The Collegian
Wednesday, August 17, 2022

A "Calvin"-ist take on life

Earlier this week, I came across a comic strip from Calvin & Hobbes by Bill Watterson. Calvin's words struck a familiar chord with me. He exclaimed, while sitting in class: "What on earth am I doing in here on this beautiful day? This is the only life I got!"

This, of course, was on an enticingly gorgeous spring day when the sun was shining and I, being the dedicated student I am, was trapped inside the library quiet section.

I sensed this as a sign from above that I was destined to escape to the outdoors, and I renounced my life of academia and challenged my best friend to an endless game of Calvinball.

Sadly, my childish yearning was hindered by the reality of approaching deadlines and due dates, and I quickly snapped back into irritable, stressed-out college student mode once again.

A few hours later, I remembered my encounter with Calvin & Hobbes and went searching for other strips online. I soon ran into my favorite storylines: Calvin's blatant disregard for snowman life, Stupendous Man, Hamster Huey and the Gooey Kablooie, and Spaceman Spiff. The list is almost endless. Essentially every one I came across left me chuckling, annoying everyone else in the quiet section.

As Calvin reached for another bowl of Chocolate Frosted Sugar Bombs, I began to take a trip down memory lane and recalled the wonders of childhood.

I soon found myself wishing to return to the stress-free "good ol' days" when nothing I did seemed to matter, and when I went to bed at night, a reset button got pushed and the world was fantastic and new again by morning.

At some point, we all look back at our earlier years with a sense of longing. We look favorably back at a life that was generally more familiar and comfortable than our lives now.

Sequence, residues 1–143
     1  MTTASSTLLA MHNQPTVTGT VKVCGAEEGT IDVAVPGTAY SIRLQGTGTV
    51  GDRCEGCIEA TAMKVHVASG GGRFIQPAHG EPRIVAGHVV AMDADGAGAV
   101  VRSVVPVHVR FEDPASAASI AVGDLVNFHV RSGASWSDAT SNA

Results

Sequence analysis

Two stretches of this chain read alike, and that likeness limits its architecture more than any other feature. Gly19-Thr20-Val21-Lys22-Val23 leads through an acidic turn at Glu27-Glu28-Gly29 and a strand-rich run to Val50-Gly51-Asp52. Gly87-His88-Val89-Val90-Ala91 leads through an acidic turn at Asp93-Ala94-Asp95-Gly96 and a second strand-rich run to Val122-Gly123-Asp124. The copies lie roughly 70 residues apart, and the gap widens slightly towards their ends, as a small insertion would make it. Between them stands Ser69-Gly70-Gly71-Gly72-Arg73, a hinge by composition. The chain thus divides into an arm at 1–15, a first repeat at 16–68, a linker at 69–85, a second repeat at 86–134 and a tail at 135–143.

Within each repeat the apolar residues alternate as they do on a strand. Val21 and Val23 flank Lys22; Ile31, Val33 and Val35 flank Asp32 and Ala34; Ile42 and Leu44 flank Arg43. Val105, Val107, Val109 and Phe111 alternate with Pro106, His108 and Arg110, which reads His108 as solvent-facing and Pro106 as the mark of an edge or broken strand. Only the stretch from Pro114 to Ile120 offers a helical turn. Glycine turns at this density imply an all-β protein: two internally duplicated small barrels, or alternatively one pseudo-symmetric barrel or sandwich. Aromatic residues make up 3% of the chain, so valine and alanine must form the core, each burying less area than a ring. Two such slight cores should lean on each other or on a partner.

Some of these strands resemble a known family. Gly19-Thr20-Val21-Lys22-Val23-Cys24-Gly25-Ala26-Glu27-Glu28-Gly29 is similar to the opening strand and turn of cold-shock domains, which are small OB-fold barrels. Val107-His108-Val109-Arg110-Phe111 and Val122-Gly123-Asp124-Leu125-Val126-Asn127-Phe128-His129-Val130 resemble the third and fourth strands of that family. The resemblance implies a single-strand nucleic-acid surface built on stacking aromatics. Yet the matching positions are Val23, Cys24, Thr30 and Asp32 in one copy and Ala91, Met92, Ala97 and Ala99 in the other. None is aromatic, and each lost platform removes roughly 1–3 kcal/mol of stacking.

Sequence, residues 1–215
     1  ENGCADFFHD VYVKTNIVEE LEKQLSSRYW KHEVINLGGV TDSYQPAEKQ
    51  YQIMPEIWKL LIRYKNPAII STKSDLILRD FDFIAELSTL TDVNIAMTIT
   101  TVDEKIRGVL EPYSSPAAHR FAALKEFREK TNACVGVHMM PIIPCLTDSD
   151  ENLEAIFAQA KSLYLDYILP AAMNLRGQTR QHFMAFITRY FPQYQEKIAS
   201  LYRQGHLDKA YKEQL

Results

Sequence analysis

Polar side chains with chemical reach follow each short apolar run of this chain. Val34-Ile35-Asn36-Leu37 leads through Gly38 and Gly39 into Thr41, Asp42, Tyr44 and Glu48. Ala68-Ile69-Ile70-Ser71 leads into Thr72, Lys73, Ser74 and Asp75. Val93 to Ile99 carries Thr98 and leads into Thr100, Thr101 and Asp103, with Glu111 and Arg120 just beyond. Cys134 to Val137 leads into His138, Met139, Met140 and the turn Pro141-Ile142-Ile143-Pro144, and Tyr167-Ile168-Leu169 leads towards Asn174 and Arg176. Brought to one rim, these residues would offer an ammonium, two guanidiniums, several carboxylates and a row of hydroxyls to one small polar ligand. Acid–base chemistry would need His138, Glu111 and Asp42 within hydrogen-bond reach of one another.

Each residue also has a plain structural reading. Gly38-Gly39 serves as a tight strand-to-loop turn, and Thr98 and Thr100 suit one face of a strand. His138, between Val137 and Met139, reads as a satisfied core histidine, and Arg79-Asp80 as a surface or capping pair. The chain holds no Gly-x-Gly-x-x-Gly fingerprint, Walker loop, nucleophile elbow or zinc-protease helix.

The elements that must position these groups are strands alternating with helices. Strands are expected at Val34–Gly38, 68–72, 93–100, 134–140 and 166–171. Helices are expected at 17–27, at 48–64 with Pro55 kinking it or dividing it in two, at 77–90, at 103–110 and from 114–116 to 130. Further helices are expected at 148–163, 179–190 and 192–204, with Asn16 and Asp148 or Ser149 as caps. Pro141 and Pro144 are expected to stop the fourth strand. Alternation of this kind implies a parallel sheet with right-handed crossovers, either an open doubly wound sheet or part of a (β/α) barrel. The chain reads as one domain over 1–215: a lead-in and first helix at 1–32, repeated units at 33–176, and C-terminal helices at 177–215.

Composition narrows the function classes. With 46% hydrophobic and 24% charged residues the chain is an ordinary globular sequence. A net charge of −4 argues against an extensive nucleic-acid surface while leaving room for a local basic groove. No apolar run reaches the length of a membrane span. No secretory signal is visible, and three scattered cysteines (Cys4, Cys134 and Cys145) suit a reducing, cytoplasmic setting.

The greatest challenges for us back then were learning how to ride a bike, finding our friends during an epic night game of hide-and-seek and trying to spell our names without a backwards "e." There were no papers to write or exams to cram for. Pulling all-nighters was reserved only for trying to catch a glimpse of Santa.

Growing up, I remember craving what I expect most of us craved: freedom. I started wanting freedom to eat as many cookies as I desired for dessert, and soon moved on to the freedom to stay up late and the freedom to have a car. (But, this is not the order that I was granted these freedoms. It actually went: car, staying up, cookies.)

I always wished I were older so that I could have these freedoms. But now that I'm older and have a fair amount of freedom in college, I can't help but look back sometimes with a slight amount of regret, wishing I could return to the fond memories of childhood. I have come to realize the value of my years growing up and appreciate them more today than I did back then.

Ironically, as I sit here reflecting back on my youth, the future version of me is probably reflecting back on college life and how great these "good ol' days" were. I suppose the importance of memories is not so much that we can simply reflect and retain ourselves in the past, but that we can be reminded of the magic that this life has to offer.

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Instead of waiting for it to "all make sense when we grow up," we can use these memories to help create new ones. If this is so, the only thing left to say is, "It's a magical world, Hobbes, ol' buddy. ... Let's go exploring!"

Contact reporter Alex Smith at alex.smith@richmond.edu

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